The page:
To summarize: what we know is that very little is known - with one exception. The handling of the Jim Thome Situation (JTS? I think I like that, it could catch on) will be the most important series of decisions the Phillies will have had to make in a long, long time AND the resulting outcome of the JTS will impact the franchise not only in 2006, but in every year through the rest of the decade.

The Most You'll Ever Read About Four Marginal Relief Pitchers

With today being the first day without regular season baseball, it can be argued that today, October 3rd, is the beginning of the baseball offseason. Luckily for you, that is exactly what I am going to do. Except no actual arguing - just me saying so. So without further ado, I present to you the 2005/6 Major League Baseball Hot Stove League. Or the 2005/6 MLBHSL. Now that's just stupid. Let's just get this thing going already, shall we?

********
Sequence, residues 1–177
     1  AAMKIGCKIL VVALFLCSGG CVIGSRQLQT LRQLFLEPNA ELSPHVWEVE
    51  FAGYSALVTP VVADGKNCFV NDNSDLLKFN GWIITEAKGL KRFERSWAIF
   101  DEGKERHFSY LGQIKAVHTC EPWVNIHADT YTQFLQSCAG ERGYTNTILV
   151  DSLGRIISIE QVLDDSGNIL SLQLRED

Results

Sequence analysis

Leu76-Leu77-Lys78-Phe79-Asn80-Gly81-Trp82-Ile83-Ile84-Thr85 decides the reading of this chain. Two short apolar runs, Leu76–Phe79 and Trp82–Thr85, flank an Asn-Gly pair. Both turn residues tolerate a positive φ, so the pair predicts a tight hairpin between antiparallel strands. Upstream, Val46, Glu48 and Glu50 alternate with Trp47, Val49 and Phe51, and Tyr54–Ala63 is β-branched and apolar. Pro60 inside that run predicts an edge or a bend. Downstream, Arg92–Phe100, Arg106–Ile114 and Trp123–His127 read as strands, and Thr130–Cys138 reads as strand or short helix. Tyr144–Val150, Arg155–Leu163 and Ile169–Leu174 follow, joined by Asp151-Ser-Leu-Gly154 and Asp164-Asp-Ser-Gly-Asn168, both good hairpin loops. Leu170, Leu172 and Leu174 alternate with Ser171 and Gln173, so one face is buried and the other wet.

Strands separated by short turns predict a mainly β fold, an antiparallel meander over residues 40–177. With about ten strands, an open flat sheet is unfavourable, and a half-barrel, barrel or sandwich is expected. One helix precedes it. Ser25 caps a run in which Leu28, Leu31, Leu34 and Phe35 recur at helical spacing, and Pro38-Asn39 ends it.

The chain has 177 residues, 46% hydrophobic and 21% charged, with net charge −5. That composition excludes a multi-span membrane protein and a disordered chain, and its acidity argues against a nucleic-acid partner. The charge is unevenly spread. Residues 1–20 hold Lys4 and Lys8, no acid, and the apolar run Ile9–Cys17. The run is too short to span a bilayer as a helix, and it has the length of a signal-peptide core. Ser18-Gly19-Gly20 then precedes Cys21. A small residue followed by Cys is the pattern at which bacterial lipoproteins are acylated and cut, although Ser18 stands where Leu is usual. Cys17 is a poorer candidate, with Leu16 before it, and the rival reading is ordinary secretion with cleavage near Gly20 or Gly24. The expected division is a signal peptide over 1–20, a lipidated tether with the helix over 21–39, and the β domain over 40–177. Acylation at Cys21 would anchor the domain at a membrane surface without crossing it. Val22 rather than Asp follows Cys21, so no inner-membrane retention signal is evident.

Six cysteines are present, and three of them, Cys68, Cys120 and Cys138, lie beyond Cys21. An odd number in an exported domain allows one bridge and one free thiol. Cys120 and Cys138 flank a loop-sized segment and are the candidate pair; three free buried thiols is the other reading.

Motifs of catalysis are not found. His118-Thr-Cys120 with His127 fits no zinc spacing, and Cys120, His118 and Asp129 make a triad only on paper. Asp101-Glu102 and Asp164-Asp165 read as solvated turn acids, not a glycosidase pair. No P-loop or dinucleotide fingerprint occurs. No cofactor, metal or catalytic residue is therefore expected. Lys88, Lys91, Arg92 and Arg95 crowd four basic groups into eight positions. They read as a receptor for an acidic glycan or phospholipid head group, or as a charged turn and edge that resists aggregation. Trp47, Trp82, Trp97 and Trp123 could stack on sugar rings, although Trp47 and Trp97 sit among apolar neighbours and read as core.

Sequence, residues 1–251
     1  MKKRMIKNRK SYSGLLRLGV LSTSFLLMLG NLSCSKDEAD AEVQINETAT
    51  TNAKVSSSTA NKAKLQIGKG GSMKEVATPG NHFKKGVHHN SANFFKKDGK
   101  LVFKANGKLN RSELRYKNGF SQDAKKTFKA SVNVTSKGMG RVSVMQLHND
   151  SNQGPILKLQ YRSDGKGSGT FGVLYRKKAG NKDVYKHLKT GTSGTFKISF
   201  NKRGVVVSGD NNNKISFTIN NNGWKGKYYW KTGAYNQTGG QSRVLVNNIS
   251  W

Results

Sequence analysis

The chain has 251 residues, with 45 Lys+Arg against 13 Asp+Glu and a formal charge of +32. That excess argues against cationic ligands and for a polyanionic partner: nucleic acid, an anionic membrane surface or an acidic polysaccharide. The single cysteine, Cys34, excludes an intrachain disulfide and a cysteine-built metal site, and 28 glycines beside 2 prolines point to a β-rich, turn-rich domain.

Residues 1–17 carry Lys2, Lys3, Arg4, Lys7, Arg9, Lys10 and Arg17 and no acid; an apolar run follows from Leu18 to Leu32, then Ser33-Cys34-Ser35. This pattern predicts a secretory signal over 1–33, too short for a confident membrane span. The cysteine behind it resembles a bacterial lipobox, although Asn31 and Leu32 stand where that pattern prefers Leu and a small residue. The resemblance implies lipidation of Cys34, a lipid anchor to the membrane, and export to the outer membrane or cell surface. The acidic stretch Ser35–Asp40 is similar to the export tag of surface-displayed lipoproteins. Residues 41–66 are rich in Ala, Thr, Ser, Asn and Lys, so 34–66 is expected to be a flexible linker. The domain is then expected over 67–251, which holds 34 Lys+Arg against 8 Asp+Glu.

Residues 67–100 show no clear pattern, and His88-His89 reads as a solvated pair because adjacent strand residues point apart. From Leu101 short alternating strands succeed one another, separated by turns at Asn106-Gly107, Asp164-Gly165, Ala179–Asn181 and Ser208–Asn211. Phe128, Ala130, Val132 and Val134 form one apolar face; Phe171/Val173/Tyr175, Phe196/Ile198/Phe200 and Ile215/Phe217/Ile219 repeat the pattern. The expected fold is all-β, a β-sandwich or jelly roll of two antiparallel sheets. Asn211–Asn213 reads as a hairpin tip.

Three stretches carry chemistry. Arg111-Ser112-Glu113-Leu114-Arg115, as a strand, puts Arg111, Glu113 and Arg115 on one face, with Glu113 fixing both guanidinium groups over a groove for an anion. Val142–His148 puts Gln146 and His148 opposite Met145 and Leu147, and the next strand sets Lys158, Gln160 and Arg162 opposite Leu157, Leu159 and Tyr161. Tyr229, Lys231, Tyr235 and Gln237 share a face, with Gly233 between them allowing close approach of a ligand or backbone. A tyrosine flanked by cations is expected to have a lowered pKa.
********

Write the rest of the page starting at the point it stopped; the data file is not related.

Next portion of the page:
It was a busy day for teams finishing below the Phillies in the NL East. The Marlins and the Nationals both made changes as they look ahead to 2006 and beyond. The four men cut today were John Halama (Nationals), Antonio Osuna (Nationals), Tim Spooneybarger (Marlins), and John Riedling (Marlins). All relief pitchers. All at various stages in their careers. And all apparently interesting enough for me to write 1,500 words on.

We can recap for those not paying attention. Four names. Four relief pitchers. Various stages of their careers. All let go today.